Charles White is considered one of the finest artists in the American canon. He possessed great technical skill and talent as well as the ability to infuse his work with spirituality and purpose. Eschewing the prevailing art styles and trends, he chose instead to focus on the lives and struggles of African Americans.
“In his search to express what was real and human-centered in the lives of people who were often forgotten, downtrodden, weary, and worn, White looked to the spiritual side of things, echoing the unknown black folk artists who created Negro spirituals, the blues songs, and the musical laments of the slave era,” said David C. Driskell in the foreword to Charles White by Andrea Barnwell.
James Porter, in his introduction in Images of Dignity: The Drawings of Charles White, said, “I like to think of Charles White not just as an artist—or even as an American artist—but as an artist who more than any other, has found a way of embodying in his art the very texture of the Negro experience as found in life in America.”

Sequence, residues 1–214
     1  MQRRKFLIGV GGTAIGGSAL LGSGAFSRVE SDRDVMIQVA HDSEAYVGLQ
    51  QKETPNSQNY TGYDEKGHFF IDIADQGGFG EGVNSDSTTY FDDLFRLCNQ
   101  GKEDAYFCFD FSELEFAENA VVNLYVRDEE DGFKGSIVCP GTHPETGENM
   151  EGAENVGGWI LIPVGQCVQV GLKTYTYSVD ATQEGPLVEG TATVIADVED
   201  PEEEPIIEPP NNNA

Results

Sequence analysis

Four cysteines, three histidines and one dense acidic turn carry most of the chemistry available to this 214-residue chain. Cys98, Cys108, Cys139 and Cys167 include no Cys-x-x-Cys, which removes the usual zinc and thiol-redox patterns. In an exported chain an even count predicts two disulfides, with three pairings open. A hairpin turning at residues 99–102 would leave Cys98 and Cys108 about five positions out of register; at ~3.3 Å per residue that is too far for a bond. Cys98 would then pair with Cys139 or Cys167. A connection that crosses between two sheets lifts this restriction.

In 1972 Homage to Langston Hughes, an oil on canvas painting White executed the year before, won the National Academy of Design’s Isaac N. Maynard Prize at its 147th Annual Exhibition. Two years later White became only the second African American artist to be elected Academician by the National Academy of Design (Henry O. Tanner was the first when he was elected in 1927). Founded in 1925 the National Academy of Design is the oldest art organization in America.
Charles White’s work is in the collections of the Metropolitan Museum of Art, New York; Museum of Modern Art, New York; Howard University Gallery, Washington, DC; Detroit Institute of Art, Detroit, Michigan; Whitney Museum of American Art, New York; Studio Museum in Harlem, New York; Los Angeles County Museum of Art, Los Angeles; Deutsche Academie der Kunste, Berlin, Germany; and Atlanta University, Atlanta, Georgia; among others.